Saturday, 3 September 2011

100 days, 100 films; Day 78 - Final Destination

#23 - Final Destination

I’m going to go back to the Scream entry and ask what your favourite scary movie is. Or how about what scary movie was actually scary? I’m not trying to sound like a cocky bastard or anything but I don’t scare that easily. I’m being serious since The Shining, The Exorcist, The Evil Dead and Paranormal Activity didn’t scare me at all, apart from the occasional cheap jump scare. The only horror movie that has actually given me nightmares is The Haunting and I was ten when I first saw it so of course it didn’t have quite the same effect on the re-watch. But a certain film managed to reel me in and create a real sense of dread and fear about what could happen next, purely because it was so new and inventive at the time. Me seeing it when I was a little older sold it as a scary film also.

Alex Browning is a high school senior about to go on a class trip to Paris with his French class. It’s early in the morning and he’s been having weird feelings all day so he’s a little on-edge by the time he actually gets on the plane. Suddenly once the plane has taken off, they go through some turbulence and the right side of the plane blows open, starting a fire that kills everybody. And then...Alex wakes up in his seat. The plane crash was all just a dream...or was it? Certain things that Alex remembers from his dream happen again and he becomes convinced that he saw a premonition of the plane crashing. He causes quite the disturbance on the plane and is escorted off along with his best friend Todd, class dickhead Carter, Carter’s girlfriend Terri, guy who was in the wrong place at the wrong time Billy and the teacher Miss Lewton. Also, a loner girl called Clear decides to get off as well. Minutes after they get off, the plane explodes, so Alex was right. It seems like things aren’t over for the survivors as one month later Todd mysteriously dies of natural causes. Alex starts to suspect that perhaps himself and the other survivors could be next.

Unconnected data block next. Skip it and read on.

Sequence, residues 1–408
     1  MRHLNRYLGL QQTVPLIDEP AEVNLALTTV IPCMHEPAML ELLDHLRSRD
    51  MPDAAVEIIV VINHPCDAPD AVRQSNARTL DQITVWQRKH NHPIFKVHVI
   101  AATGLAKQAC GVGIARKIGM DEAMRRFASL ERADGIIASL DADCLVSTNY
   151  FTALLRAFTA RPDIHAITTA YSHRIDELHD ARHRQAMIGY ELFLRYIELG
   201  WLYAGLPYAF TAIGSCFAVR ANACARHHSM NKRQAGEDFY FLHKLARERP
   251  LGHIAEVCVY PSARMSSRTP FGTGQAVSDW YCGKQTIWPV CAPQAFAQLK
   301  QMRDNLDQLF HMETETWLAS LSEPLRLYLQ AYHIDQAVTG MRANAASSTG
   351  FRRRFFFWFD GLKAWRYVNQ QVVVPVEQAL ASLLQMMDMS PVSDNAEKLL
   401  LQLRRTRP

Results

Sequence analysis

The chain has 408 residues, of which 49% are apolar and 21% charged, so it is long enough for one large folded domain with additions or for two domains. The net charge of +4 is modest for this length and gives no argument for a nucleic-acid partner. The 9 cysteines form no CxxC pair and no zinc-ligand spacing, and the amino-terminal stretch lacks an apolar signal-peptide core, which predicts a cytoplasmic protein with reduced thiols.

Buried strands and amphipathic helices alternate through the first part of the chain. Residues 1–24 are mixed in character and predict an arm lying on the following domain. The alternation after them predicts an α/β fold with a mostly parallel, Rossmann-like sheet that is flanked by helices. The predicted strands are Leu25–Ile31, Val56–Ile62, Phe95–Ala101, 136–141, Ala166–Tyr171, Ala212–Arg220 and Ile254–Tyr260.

These days whenever anyone thinks “Final Destination” they will generally associate it with the third and fourth films which pretty much veer into so bad it’s good territory. The thing is that this particular idea was incredibly fresh and innovative at the time, creating a unique horror film where Death itself is the killer. Something the sequels (except for maybe the second one which was also quite well done) missed the point of is that the suspense originally came from all the different possibilities of everyday accidents somehow causing deaths. Some of them were pretty simple but the sequels just upped the gore, nixed any character development and pretty much became quasi-comedies. I mean take that ridiculous mechanic’s death in 4 and the one in the gym in 3 and compare it to all the deaths in the first two. Half the suspense comes from not knowing who could die next but when you do know like in 3 and 4, it’s obvious they’re going to die eventually. That’s not to say some of the deaths in the sequels weren’t impressive. The one in the hairdresser’s in 4 was excellently done, almost as though it belonged in another movie. And the tanning bed deaths deserve some credit too.